@Vincent “(android or windows with an ant+ stick would be nice)”

    at http://www.thisisant.com you find a lot of phones/tablets ANT+ ready with subsequent referral to apps; so no need for a stick.

    Reply
  90. Random FYI: Clever Training has now listed for sale the replacement cleats as well.

    PowerTap P1 Replacement Cleats (0* or 6* float options): link to clevertraining.com

    Cheers!

    Reply
  91. Fabio Reis

    Thx for the review, Ray.

    Just ordered my at Clever Trainning plus 2 extra replacement cleats.

    Keep the good work.
    Cheers from Brazil.

    Reply
    • Awesome – I appreciate the support!

      Reply
    • Fabio Reis

      Just an off topic.
      Do you use balance data field in ride? If so, for reviews purpose or real trainning?
      Thx again.

      Reply
    • I don’t tend to use them a ton, since it’s not like you’re actually going to shift balance mid-ride to account for it (many have noted that attempts to change balance actually results in less overall power output).

      Reply
    • Happy Runner

      For over a year Training Peaks had an error in its auto-import from Garmin Connect and reversed the power balance numbers.

      I detected this bug when I had a pedal problem and my balance was 100/0 on GC but 0/100 on TP. I notified TP last week and they acknowledged the problem and quickly corrected it, but noted that their new import code will only apply to future rides. Balance data in the past (up to last week) is reversed and always will be.

      Reply
    • lolwatts

      Happy Runner : Just think of all those uber-keen people that have spent months (years?) doing one legged squats on the wrong leg.

      Reply
  92. As an FYI, I’ve added a new table into the review showing compatibility. For lines with TBD, feel free to test and post back the results here. Please ensure you’re on the latest firmware if/when testing.

    You’ll find the table at the end of the ‘Head Unit Compatibility’ section, here: link to dcrainmaker.com

    Thanks!

    Reply
    • Fred

      Do you have any knowledge of the P1 pedals compatibility with the Magellan/Mio Cyclo 505?

      Thanks

      Reply
  93. Mitch

    Hello.
    Can you tell me, with P1 and the ambit 2, if i want to know the real power with a 170mm crank lenght, it’s the power on the screen 1,4% highter or 1.4 % lower?
    Thanks very mutch

    Reply
    • Paul S

      Assuming it thinks your cranks are 172.5, it will read 1.4% higher than you’re really producing. Since the unit thinks your pedals are moving faster than they actually are, it will overcompute the power.

      Reply
  94. Jim M

    When using the P1s or any power meter is it better to not have the Zeros included for average? Love the P1s!!!

    Reply
  95. Looks like Clever Training doesn’t ship these to Canada :-(.
    I’ve tried the local bike shops, but none of their suppliers can give a date when they might get these in.

    Anyone from Canada been able to order these, and if so, from where?

    Thanks.

    Reply
  96. Greg Hilton

    Thanks for the review, just ordered via CT and shipping to the UK I hope!

    Is there anything official from Garmin or PowerTap on the Edge 1000 crank length issue, or will I just need to manually edit the settings file as referred to earlier?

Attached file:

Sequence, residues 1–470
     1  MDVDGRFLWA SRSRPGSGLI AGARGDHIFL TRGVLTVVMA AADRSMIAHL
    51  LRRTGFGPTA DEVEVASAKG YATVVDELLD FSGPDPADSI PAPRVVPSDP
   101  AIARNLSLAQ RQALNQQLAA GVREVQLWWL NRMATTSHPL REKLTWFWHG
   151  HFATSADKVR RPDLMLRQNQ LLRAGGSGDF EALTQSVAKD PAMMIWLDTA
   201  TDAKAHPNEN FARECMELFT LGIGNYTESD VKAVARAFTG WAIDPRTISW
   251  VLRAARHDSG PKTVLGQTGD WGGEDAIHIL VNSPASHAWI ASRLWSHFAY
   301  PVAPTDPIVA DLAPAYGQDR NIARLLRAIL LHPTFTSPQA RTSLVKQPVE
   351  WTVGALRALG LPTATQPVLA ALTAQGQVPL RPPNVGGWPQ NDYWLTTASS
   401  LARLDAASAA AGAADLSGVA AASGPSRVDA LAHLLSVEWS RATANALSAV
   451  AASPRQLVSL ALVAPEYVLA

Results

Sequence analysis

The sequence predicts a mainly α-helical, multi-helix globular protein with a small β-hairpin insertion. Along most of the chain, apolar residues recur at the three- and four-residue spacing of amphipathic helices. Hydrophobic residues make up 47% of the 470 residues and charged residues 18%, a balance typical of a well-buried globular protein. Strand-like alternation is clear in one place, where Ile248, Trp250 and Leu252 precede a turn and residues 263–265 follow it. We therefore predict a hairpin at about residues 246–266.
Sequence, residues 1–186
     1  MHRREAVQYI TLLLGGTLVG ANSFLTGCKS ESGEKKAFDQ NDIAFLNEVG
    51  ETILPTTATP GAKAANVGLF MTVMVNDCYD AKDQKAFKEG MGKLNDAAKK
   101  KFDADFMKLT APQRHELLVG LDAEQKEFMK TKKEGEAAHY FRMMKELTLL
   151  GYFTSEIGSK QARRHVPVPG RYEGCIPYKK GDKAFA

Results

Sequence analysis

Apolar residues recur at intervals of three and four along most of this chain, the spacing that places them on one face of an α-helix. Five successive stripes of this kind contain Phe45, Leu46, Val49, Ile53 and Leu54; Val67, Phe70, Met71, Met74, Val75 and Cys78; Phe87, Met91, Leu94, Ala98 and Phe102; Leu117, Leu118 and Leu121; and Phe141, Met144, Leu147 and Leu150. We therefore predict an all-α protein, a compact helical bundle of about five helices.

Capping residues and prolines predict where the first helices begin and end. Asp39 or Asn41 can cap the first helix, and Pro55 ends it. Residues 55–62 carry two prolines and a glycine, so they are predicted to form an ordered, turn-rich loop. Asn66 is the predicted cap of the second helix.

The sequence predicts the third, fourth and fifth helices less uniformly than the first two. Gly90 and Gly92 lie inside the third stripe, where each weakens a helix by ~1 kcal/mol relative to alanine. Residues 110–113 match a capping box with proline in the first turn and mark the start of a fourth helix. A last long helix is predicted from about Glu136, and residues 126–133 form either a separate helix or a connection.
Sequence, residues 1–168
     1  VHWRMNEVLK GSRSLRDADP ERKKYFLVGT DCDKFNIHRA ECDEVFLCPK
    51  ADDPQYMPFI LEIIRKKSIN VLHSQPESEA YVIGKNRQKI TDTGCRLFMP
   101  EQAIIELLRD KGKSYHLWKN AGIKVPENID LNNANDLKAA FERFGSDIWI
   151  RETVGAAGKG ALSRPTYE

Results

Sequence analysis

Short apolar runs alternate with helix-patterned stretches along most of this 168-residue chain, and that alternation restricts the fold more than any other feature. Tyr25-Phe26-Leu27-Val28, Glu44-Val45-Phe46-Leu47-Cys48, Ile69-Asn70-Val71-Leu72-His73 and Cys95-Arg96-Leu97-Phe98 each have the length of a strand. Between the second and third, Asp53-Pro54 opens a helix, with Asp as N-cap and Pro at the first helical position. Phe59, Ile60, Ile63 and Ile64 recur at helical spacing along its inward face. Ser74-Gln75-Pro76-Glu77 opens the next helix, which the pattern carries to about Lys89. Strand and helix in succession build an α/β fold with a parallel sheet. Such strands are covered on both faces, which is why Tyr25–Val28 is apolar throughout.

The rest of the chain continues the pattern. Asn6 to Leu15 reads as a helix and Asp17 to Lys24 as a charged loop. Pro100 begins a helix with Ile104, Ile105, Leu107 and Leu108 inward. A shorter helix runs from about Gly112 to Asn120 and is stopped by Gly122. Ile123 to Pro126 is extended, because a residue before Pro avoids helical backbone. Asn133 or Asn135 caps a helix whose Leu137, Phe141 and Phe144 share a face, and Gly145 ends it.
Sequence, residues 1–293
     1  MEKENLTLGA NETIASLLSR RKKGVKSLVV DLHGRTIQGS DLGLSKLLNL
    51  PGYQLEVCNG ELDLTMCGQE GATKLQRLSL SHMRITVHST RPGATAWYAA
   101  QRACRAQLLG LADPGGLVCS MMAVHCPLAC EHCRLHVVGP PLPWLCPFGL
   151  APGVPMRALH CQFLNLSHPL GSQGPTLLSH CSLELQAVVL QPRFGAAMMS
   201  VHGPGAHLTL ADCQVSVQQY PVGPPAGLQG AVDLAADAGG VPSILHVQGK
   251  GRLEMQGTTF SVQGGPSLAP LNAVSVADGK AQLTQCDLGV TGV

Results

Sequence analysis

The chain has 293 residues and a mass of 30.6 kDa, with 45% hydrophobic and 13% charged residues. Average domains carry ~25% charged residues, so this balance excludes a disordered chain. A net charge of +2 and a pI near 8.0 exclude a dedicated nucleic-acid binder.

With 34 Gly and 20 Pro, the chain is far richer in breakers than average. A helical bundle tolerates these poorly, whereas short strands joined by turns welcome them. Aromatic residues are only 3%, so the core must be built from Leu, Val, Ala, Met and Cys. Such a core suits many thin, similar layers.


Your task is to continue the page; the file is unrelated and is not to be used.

Reply
    • Thanks for the support Greg!

      PowerTap has stated they’ll be providing a tool to set the crank length, while Garmin hasn’t stated anything officially yet. It’s on my list today to hit up them for an official answer on if they’ll be updating the handful of Garmin units that don’t support it.

      It’ll impact more than just the P1’s though, for example, bePRO needs it too.

      Reply
  97. PK

    Anyone experiencing issues with reading dropouts ? I have Edge 810 and sometimes power data goes blank (as does cadence) for a few seconds. This morning almost no data for a period of 10-15minutes with spikes of data showing up only for a second or two. Both on Edge 810 and 520 head units. Maybe it has to do with two units picking up P1 pedal data at the same time ? Batteries are good.

    Reply
    • Was this inside or outside? If inside, interference from WiFi can certainly be an issue for ANT+ in general (occasionally), outside usually less so. If you had a heart rate strap – did it also drop-out? Or any chance there was a GoPro running on the bars?

      Any chance that perhaps the battery is bad? Even with a brand new battery I’ve seen occasion issues where the battery was simply more or less DOA to begin with.

      There’s no issues with multiple ANT+ head units collecting data at once (the power meter doesn’t even know they are there).

      Reply
    • Ross

      There are some obscure issues with Vectors and the use of multiple Edge head units so it is possible that the same could apply to the P1’s.

      See link to forums.garmin.com post #322
      “Occasionally a head unit may start requesting configuration information from the Vector system at such a rate that the Vector system can’t keep up with the requests, and as a result it starves out the power data. In that case you would have to restart the head unit to resolve the situation. Having multiple head units paired to Vector (eg. an Edge and a Forerunner) simultaneously may exacerbate this situation, especially if they are making conflicting requests. The newer Vector firmware mitigates these situations as best as possible, so it’s a good idea to update the Vector firmware if you suspect this is a problem.”

      Reply
    • Ross